The View from Mattie’s Pillow

When I first started writing these posts, it was deep winter. I wrote from a comfy chair (see the post on Ed’s Chair, March 2) close to the wood stove, so I could write and stoke the stove as I went. The energy-inefficient but psyche-efficient wall of glass that looks out over the Tanana River valley was mostly dark, reflecting the cozy room back to me as I wrote.

Now the day is bright and light lingers in the northern sky past 10:30 at night, a kind of watery blue at the horizon deepening to ultramarine above us. Gradually, in the weeks to come, the darkness will bleach out of the sky altogether, leaving us with only a few hours of deep pastel sunset/sunrise and hours and hours of blissful sunlight.

Already, I can feel the drive of energy that summer brings. The people I know here feel it, too. We’ve started our long-season seeds–I have tomato plants three inches high on a shelf by my wall of glass. They’re ready to be transplanted into small yogurt containers that I spent hours drilling drain holes in last summer. I have more starts to plant as the weeks go on and we get closer to our optimal outdoor planting date, June 1.

But spring has its downside. There are people among my friends and acquaintances who are struggling now that winter is finally, inevitably passing. The snow is still good for skiing, but will be too mushy and slick soon; the roads will be subject to black ice as rain starts to fall; all the trash and horse and other manure will be emerging soon. If things aren’t well with the psyche, now is when it really shows. March is tough for us all here–we’re impatient by then. April can be delightful for some, but others fall away.

So is April the cruelest month, as Eliot suggested? Or is it cruel in that it reminds us how separated from the rhythms of the land we’ve become? Like the redpolls that flit through the willows to dive-bomb my feeder, like Mattie and Sam dozing sideways to the sun, like the swelling tips of willows ready to bud into pussywillows, we feel the urge of spring, even though it’s not quite here in the Interior. If the life we lead keeps us inside out of the breeze, the melting snow, the mud, something primal chafes. But if we can get out in the air for even a little while, perhaps that chafing can heal. Even better if we can be out in it with friends.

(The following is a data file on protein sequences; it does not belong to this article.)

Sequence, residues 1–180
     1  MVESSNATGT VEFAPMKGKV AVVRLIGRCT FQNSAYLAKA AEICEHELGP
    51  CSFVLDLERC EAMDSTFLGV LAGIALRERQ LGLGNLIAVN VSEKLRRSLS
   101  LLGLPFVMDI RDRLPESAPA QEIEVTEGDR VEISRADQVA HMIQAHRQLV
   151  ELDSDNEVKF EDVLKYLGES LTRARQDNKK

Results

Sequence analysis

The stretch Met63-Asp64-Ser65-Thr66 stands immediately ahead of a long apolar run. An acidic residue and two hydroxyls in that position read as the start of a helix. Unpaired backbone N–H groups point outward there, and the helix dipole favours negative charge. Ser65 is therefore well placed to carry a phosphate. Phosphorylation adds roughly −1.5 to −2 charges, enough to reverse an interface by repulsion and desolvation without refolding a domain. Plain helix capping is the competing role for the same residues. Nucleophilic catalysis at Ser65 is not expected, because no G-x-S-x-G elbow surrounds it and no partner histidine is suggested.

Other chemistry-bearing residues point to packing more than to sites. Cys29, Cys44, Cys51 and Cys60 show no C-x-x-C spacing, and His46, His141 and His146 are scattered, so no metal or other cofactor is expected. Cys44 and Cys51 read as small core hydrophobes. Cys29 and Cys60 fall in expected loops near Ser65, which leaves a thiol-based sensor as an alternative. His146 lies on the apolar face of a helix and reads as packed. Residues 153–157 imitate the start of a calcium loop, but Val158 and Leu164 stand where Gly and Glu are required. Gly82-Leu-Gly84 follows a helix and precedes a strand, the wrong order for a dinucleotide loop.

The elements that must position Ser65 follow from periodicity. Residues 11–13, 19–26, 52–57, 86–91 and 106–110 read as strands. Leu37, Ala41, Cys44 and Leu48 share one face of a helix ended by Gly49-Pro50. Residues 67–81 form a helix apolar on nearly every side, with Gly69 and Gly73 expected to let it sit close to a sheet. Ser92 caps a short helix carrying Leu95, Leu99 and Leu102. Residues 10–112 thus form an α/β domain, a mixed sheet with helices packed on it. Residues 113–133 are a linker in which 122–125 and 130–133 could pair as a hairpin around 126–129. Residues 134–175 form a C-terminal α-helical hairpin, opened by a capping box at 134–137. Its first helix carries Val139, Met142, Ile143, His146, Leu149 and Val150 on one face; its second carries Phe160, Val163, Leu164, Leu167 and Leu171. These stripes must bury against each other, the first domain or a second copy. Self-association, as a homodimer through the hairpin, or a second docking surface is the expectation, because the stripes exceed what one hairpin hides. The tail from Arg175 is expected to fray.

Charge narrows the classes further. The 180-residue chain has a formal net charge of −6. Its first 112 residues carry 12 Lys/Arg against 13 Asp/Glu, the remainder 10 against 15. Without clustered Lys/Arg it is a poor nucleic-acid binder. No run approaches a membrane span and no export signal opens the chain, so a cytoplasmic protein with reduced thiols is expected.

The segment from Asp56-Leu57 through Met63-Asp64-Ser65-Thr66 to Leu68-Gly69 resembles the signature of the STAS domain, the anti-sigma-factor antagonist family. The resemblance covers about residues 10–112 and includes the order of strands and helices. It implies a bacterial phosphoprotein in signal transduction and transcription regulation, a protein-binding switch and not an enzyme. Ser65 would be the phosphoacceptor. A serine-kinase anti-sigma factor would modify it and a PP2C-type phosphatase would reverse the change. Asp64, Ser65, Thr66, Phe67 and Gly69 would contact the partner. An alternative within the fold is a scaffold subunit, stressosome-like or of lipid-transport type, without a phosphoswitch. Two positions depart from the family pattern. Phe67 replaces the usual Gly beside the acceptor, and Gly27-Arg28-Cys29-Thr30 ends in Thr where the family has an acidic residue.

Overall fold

For me, besides my human friends with whom I’ve been working on some difficult projects lately, being outside with Mattie and Sam, feeling those partnerships renewed as we work towards our first riding day of the year–after the ice has melted from the corral and the inevitable puddles have drained through the sand–restores me to balance. Yesterday the temperature was near 60 by the hay barn, and I stood detangling Sam’s mane and his full tail. The snow, melting, fell in chunks from the greenhouse roof, and Sam would startle, then relax. He wasn’t as pushy as he usually is, and he seemed to enjoy the attention. After nearly four years, he is starting to trust me. Later I did the same for Mattie, her black coat so warm in the sun it made me sleepy.

I often tell my friends to come pet a horse when they feel weighed down. They laugh, thinking I’m joking. I’m not. There’s nothing better I know.

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